How does an idea inspired by your child and formulated at the kitchen table become an ethically sourced and environmentally friendly globally distributed product?
It starts with a passion, involves education, trial and error, determination and support. But at its core it starts with opportunity.
But where did this opportunity come from?
The path to women's equality has been long and challenging, it’s easy to forget all the hard work that has gone before us since the first women's movements of the early 1900s. My entrepreneurial opportunities are a result of the success of women advocating for women.
International Women's Day is about many things, but firstly let us be grateful for the suffragettes who fought hard for basic women’s rights in the early 1900’s and the feminists of the 60’s & 70’s who rallied and protested for inclusion and equality. Then in the 80’s when women had to dress (think corporate power suits and enormous shoulder pads!) and work like a man to gain respect and break those glass ceilings. Then came the 90’s when those who had made it through that ceiling and then into the boardroom set about recruiting a more diverse workforce. One hundred or so years after the suffragettes men became allies and advocates for change.
One hundred years.
The 2022 theme for IWD is #BreakTheBias. We need to encourage others to keep breaking down the barriers.
This is why it is an honour to be speaking at my local NSW Women in Business luncheon celebrating International Women’s Day this month. Because it’s not all about me! There are many women both in my immediate everyday life and in business, sport etc that inspire us all and I am super proud to say that my own daughter, Peri is one of them.
Peri has taken her passion for water-sports and hunger for a challenge to the world stage climbing the ranks of the kitesurfing world at local, state, national and international competitions. When she started in her mid teens she was the only junior female kitesurfer in the ‘wave riding’ competition scene. Grabbing the attention of the industry and brands alike and receiving a wildcard into the last World Cup event of 2018. By the end of the 2019 season she was 5th on the final rankings.
The World Tour resumed in 2021 and Peri was living and training in Hawaii working 3 jobs to support her world tour campaign. The women’s competition doesn’t attract as much prize money as the men’s due to smaller competitor entries. Support and sponsorship from major kite surfing brands is very hard to come by. Peri became the 2021 World Champion, after only one previous season of being on tour. The fastest climb to the top in Kitesurfing History. Peri’s determination to succeed has been highlighted all over the world.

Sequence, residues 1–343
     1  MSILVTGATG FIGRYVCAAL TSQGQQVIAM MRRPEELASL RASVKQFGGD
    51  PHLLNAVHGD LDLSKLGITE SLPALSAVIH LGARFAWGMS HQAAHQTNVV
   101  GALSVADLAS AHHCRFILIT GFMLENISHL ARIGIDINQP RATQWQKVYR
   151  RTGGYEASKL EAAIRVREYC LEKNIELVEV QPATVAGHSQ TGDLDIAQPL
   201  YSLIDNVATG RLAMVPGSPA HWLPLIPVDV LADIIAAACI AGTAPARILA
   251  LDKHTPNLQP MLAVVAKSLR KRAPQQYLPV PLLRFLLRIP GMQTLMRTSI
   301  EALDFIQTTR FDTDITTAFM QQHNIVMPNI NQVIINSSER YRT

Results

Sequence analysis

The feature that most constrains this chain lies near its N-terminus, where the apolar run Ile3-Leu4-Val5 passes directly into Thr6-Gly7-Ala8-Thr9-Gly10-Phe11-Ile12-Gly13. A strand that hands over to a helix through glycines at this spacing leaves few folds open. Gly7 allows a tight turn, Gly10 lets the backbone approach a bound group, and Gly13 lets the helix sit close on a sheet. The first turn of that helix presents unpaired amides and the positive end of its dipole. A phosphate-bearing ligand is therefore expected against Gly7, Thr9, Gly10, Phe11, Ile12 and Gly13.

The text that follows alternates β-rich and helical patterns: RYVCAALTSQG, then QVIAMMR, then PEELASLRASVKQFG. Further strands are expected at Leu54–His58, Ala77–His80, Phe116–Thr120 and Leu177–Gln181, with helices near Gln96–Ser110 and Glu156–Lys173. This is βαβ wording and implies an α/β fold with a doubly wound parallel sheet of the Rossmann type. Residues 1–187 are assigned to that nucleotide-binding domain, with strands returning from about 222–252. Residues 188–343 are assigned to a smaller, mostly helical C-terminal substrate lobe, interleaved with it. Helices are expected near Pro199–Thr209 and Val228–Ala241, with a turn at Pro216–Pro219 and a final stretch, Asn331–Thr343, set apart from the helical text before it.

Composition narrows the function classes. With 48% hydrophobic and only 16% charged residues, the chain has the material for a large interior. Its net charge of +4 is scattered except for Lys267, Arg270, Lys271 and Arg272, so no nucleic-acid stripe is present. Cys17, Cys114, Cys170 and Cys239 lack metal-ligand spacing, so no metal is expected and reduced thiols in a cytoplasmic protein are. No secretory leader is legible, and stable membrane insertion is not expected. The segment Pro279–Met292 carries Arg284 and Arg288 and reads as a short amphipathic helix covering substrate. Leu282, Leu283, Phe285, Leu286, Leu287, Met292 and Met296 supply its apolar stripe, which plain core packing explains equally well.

"The coolest part of the EA adventure was meeting Mozambique’s first female surfer, Giulia! We hung out at @surfersnotstreetchildren in Tofo. So awesome to see her leading a whole new gang of young female surfers in the area. I think she is pretty stoked on her new board too😊 🧡" @stephaniegilmore
Australian surfer and 7 time World Title winner, Stephanie Gilmore entered the professional surfing scene in 2007. Stephanie led the WSL to achieve equal pay for women - one of the first international sporting organisations to do so. She's an advocate for ocean, health and loves to spend time with the next generation of surfers at initiatives such as the 'Rising Tides' at WSL tour events.
Samantha Wills - I have a huge crush on Samantha Wills. If you’ve never heard of her then do yourself a favour and check out samanthawills.com She describes herself as an Australian creative director, writer, speaker and educator. She once said “it took me twelve years to become an overnight success” Samantha is passionate about sharing her knowledge and nurturing and empowering women in business. She is very relatable and has successfully written a book Of Gold & Dust (a must read) (https://samanthawills.com/book) One of my favourite things is how she generously shared her business plan with her followers. And her blog is so entertaining, she calls them Love Letters.
What is it that you can do this year for International Women’s Day? You don’t have to become a world champion or a successful entrepreneur to continue to help #BreakTheBias. We can all continue to lift other women, fix their crowns, share our hopes and dreams and share our journey including the lessons we’ve learned along the way to success. Simples